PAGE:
When my now kindergartner was 2, she started telling me about things she did when I wasn’t there and people she knew whom I hadn’t met.
From my copious new-mom reading, I knew babies slowly learn they are a separate identity from their parents. It hadn’t occurred to me until then that I would need to learn Eve was separate from me.
Fast-forward several years and one elementary school, and our separate identities are more apparent than ever. Eve, 5, even has her own school ID number.
Now she spends more than 7 hours a day doing interesting things without me, with people I mostly haven’t met.
It’s a much different experience than when we were part of a home-based “daycare family,” or the last two years at a morning-only preschool center.
Preschool drop-off and pick-up meant daily face-time with Eve’s teacher. I saw the art projects hanging on the wall, got to know the other kids by name, and chitchatted with other parents over the sign-in and -out sheet.
Because Eve now rides the bus, I have limited interaction with all those people.
Instead of teacher recaps, I have to rely on Eve’s somewhat scattered recollection of the day. (“There was just so much fun stuff, I can’t remember it,” she tells me.) The kids in her class are largely just names on a snack list, and their parents email addresses on the teacher’s listserv.
The handful of preschool and playgroup friends we knew would be at the same school are all in different classrooms. I’m thankful Eve has become “besties” with the one girl whose mother I knew.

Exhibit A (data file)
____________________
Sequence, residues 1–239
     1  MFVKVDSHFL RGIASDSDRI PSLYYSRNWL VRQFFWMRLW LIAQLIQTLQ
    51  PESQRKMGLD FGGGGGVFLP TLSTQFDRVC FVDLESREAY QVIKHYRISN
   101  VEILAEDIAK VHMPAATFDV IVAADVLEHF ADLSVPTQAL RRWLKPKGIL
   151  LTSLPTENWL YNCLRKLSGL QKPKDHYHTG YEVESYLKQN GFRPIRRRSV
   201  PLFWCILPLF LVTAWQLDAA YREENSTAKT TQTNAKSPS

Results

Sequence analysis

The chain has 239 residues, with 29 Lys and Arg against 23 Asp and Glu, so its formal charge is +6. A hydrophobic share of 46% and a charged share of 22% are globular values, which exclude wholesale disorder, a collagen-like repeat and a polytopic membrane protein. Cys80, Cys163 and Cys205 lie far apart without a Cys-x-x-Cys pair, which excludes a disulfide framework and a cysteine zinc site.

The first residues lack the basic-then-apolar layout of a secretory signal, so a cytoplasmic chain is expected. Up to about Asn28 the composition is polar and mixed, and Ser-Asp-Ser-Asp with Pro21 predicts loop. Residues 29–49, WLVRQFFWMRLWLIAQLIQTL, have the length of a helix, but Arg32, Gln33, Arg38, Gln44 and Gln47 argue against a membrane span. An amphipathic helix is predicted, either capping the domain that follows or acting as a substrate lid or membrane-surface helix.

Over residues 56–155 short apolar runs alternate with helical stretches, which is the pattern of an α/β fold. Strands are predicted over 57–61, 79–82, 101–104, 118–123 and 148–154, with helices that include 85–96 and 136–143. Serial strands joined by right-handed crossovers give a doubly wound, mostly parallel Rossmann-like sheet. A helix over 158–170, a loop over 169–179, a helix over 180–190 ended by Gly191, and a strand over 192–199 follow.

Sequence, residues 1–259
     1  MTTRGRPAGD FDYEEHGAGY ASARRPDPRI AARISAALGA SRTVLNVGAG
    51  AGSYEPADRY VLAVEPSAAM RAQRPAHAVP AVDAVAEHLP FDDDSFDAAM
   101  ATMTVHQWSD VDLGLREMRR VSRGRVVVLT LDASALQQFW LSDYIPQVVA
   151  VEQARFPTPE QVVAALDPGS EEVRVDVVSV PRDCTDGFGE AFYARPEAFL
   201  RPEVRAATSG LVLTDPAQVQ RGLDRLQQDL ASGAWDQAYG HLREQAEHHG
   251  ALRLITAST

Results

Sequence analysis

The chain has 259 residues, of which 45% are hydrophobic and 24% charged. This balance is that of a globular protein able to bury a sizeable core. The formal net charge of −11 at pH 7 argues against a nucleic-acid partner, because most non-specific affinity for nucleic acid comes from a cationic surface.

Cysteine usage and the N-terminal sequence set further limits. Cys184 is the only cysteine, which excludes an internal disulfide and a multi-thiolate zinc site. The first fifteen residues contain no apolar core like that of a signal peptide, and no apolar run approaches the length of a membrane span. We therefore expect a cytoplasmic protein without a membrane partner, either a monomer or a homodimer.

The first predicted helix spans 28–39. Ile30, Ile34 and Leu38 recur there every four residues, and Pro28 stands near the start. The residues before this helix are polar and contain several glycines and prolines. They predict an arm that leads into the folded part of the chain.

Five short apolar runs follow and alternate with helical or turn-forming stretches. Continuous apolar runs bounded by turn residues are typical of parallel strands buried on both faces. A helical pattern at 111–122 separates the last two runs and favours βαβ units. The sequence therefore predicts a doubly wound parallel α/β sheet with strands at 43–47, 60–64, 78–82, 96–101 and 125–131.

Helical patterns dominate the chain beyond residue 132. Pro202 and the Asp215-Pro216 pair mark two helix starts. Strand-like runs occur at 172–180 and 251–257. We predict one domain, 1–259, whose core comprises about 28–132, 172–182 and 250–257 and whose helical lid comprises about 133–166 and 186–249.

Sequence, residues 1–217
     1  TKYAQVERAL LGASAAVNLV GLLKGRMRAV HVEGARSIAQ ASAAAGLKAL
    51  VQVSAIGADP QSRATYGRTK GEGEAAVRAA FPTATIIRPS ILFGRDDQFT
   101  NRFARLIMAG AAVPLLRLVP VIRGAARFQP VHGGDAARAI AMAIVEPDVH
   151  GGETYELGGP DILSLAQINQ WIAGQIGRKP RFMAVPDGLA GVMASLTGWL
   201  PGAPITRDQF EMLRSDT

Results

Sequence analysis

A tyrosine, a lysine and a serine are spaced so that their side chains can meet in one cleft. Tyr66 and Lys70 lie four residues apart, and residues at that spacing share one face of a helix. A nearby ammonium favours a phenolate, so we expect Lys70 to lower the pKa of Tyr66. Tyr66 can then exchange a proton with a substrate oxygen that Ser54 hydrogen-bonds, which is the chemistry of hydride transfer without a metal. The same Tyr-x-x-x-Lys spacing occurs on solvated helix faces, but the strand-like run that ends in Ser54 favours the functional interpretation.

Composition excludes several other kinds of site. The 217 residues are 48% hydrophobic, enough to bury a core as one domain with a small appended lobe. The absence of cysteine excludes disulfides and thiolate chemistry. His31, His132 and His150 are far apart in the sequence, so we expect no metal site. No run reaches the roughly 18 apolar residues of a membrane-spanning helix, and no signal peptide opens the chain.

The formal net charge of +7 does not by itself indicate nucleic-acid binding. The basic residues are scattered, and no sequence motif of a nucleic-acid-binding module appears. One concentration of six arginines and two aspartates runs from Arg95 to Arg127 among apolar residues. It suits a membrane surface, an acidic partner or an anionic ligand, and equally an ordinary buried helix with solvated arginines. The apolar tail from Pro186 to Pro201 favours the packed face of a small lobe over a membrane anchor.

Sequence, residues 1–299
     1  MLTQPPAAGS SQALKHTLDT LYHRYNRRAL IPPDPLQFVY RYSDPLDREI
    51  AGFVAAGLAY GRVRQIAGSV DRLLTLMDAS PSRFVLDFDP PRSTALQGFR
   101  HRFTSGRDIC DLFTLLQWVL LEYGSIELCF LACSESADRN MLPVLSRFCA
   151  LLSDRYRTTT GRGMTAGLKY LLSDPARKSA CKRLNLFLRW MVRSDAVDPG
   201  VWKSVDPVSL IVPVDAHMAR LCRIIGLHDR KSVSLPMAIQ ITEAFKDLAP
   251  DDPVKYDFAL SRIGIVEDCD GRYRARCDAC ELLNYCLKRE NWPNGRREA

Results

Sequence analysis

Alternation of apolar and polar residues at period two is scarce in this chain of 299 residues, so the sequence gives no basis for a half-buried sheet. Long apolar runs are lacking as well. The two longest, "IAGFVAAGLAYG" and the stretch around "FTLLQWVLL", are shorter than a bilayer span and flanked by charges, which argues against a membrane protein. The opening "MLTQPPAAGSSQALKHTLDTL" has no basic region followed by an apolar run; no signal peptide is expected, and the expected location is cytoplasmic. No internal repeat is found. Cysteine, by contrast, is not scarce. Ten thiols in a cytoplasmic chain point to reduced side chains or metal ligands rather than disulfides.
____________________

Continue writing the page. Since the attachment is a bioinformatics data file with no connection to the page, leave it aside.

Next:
That mom, the room parent, emailed to see if I knew any parents who could help at an upcoming classroom party.
I don’t even know any of the other parents, I replied sheepishly.
Growing up in a small town where everyone knew everybody else, this has been the biggest paradigm shift for me, as I adapt to my new identity as the parent of a school-ager.
While Eve seems to be plenty popular among her classmates – “They must really like me,” my mini-Sally Field exclaimed one day when several had given her marker-adorned paper hearts – I still feel like the new kid, anonymous and a little lost.
I attended my first PTA meeting – a sentence that makes me feel oh-so-middle-aged – in hopes of making more connections. I eagerly put all the school’s events on our family calendar.
Because Eve becoming a kindergartner means I’m also beginning to identify as part of a new community, even if I still don’t know its members.
I think that’s why, when Eve’s teacher sent home a note a few weeks ago that her classmate’s mother had died, I took it kind of hard.
Like I said, I didn’t know this woman. I hadn’t met her daughter. But I cried for her.
I emailed the teacher asking if there was something we parents could do.
After all, we’re all part of the same “school family.”
It’s a new identity – for Eve and me.
Sherri Richards is a reporter for The Forum and mom to 5-year-old Eve and 2-year-old Owen. She can be reached at email@example.com